It's not rocket science. If these U.S. women can't figure out how to do that, they don't deserve to win. I will not celebrate a victory if it's merely the result of an ugly smash it into the penalty area, get by with knocking someone down so the ball caroms in off of someone.

    What's wrong with Sydney Leroux? I have to wonder what she'd have done with the ball ARod scuffed. On the other hand, change one player, maybe that pass isn't delivered. Still Leroux deserves a cap.

    In any event, Wambach, and Holiday need to learn to enjoy watching world-class soccer.

  7. Tom Symonds, June 29, 2015 at 12:15 p.m.

    As Gary Lineker once said, "Football is a simple game; 22 players chase a ball for 90 minutes and at the end, the Germans win."

  8. Raymond Weigand, June 29, 2015 at 1:28 p.m.

    hah! ... and the German's win. I like that one. The USA seems to be holding back and let some of the surprise out early against China. This is a wonderfully quick and agile team with great fitness ... it seems that we should expect some more surprises - and the one I am hoping for is some of those quick one-two and combo passes finding the same rhythm as the game. There is going to be some open field transition opportunities and we have the fitness and the technique to really make it entertaining.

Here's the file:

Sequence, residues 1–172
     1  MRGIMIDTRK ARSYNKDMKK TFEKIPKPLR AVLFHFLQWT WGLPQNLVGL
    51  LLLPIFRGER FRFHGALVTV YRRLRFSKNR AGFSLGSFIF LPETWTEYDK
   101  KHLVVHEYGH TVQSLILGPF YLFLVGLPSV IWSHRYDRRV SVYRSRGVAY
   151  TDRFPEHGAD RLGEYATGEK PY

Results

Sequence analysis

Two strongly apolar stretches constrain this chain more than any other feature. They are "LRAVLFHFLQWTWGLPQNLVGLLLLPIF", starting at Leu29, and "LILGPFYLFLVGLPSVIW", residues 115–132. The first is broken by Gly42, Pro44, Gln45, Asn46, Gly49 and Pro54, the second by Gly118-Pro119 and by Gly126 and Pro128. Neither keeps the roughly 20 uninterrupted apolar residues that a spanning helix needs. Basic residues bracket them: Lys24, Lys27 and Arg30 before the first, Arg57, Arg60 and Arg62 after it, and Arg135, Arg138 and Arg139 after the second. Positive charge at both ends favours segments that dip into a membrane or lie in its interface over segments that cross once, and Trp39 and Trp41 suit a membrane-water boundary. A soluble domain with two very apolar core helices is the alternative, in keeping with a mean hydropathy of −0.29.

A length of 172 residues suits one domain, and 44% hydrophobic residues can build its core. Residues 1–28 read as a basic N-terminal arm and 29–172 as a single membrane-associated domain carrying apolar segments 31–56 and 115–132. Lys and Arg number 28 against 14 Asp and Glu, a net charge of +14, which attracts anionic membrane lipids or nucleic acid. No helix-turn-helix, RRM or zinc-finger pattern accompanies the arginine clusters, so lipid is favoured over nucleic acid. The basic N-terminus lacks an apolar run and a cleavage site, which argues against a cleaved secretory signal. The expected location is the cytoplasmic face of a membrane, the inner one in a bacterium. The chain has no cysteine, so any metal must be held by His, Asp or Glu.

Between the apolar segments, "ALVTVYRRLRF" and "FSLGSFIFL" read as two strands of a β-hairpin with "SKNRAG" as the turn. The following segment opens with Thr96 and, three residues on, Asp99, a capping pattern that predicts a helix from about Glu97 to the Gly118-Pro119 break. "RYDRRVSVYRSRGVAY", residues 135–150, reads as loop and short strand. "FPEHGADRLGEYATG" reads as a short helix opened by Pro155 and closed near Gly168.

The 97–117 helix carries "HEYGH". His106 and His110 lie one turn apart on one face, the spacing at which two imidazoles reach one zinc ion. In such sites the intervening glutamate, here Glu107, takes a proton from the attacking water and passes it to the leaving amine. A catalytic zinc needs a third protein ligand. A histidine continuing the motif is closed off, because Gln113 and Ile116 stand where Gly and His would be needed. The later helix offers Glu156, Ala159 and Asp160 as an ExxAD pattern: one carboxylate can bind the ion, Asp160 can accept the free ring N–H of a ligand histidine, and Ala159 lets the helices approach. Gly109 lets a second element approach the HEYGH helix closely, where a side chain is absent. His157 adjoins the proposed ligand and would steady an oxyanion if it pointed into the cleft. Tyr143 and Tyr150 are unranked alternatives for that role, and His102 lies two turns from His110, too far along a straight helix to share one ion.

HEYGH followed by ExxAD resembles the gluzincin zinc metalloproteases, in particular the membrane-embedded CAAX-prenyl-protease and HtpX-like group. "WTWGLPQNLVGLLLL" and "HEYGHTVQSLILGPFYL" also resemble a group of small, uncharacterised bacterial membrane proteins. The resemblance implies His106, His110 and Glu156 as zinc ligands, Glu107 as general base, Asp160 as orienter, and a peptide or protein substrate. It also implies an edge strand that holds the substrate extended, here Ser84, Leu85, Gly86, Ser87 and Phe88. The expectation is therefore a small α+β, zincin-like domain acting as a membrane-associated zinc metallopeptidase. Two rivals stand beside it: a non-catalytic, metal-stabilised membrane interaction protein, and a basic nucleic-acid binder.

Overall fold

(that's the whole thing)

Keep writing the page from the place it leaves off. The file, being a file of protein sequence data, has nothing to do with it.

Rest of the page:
9. Bob Ashpole, June 29, 2015 at 11:55 p.m.

    A mild surprise for me was how strong and solid Tobin Heath has been playing. She looks better every match. I also would look for Sydney Leroux to come in off the bench when we need goals, but the team hasn't been in that position. Forwards often score in streaks. What you hope for is for one of the forwards to be on a streak. As for the next match, what you want is a team peaking at the right time. This team hasn't played its best game yet.

  10. Lee Katterman, July 1, 2015 at 12:20 p.m.

    It's fun to read the above "insights" now that the US-Germany game is over...